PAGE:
Texas is no stranger to extreme weather events.
In 2015 on Memorial Day, Houston was inundated with a foot of rainfall. Two years later, and Hurricane Harvey stalled out, causing massive amounts of rainfall induced flooding. The storm put the metropolitan area, with a population of nearly 7 million people underwater, concrete-laden streets becoming bonafide rivers. CoreLogic® found that 70% of the flood damage from the hurricane was uninsured.
In 2018, in the early morning hours of June 6, baseball sized hail struck the middle of the Dallas-Fort Worth metro area, causing damage upwards of $1 billion, making it the third costliest hailstorm in Texas History.
2019 proved itself to be no different. Houston was once again impacted by catastrophic flooding and hail during the first full week of May. Defining the southern edge of a large weather front on May 9 across the U.S. Southeast, severe thunderstorms forecasted for Houston delivered hailstorms in many neighborhoods.
From hail alone, Reactor™ from CoreLogic estimated that more than 50,000 homes were exposed to golf ball-sized hail or greater, causing damage to roofs in a region already beset by heavy rainfall and localized flooding.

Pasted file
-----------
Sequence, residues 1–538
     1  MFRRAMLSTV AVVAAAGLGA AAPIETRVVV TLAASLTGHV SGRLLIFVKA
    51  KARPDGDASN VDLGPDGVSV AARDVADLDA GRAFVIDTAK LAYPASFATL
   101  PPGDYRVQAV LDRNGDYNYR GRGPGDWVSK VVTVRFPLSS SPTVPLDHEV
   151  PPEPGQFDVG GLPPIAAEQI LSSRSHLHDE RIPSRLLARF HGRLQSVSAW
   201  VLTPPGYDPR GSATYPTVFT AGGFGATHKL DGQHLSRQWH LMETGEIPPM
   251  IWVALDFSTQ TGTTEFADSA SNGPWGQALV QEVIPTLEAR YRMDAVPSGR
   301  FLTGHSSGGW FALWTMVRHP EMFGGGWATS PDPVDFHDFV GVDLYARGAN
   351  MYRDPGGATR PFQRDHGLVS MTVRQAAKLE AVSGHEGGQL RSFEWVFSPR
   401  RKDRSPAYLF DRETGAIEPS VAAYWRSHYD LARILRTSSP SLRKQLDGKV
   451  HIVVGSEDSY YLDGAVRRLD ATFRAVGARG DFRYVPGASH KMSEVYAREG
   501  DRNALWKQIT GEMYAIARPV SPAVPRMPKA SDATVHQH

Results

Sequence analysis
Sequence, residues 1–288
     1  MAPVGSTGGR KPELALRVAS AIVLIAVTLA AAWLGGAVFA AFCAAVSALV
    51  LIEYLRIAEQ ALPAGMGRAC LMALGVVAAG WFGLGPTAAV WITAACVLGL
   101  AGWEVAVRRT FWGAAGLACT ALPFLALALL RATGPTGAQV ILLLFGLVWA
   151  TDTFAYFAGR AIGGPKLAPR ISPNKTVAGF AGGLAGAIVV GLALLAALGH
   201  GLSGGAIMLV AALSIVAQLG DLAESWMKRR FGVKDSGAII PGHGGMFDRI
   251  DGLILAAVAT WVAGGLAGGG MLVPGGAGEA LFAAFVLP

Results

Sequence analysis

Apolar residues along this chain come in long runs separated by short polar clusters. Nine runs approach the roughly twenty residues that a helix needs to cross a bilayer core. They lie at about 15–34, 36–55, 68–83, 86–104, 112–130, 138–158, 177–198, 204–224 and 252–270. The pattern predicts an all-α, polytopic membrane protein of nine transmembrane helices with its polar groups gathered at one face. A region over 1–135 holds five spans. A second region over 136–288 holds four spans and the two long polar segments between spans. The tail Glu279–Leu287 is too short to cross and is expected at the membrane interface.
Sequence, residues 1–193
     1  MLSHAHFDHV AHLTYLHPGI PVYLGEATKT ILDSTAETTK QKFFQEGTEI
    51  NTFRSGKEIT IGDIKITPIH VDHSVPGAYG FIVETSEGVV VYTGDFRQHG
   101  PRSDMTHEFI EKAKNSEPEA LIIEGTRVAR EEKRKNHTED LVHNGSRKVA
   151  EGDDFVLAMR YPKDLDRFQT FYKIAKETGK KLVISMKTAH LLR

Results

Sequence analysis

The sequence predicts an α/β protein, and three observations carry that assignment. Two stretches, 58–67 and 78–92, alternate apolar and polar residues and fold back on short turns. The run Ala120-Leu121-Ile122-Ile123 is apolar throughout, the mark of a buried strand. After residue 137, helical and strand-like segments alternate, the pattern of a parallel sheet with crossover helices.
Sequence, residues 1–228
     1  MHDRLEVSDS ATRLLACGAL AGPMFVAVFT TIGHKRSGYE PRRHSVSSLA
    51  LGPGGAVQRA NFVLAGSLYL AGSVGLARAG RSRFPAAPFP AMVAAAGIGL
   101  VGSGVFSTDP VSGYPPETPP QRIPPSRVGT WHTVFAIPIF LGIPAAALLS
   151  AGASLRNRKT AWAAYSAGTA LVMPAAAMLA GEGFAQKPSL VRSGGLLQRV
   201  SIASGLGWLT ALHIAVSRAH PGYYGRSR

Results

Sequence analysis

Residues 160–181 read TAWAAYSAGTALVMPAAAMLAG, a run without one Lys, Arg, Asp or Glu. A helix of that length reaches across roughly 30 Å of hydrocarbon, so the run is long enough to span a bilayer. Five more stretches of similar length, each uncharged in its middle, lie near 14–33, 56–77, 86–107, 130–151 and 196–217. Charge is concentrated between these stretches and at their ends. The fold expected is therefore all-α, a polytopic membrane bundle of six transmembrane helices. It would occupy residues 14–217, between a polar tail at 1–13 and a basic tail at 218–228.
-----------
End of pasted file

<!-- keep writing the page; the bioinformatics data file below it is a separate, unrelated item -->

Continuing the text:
More than 12” of rainfall in some areas over the course of a week have led to widespread flash-flooding in low-lying areas.
Weather radars can observe the whole storm, but different combinations of rain and hail sizes can look identical. The proprietary hail verification science from CoreLogic enables a better estimate of the effects of the damaging hail.
For more information and to keep up with the latest on the storm, please visit our free risk information and catastrophe response site Hazard HQ™.
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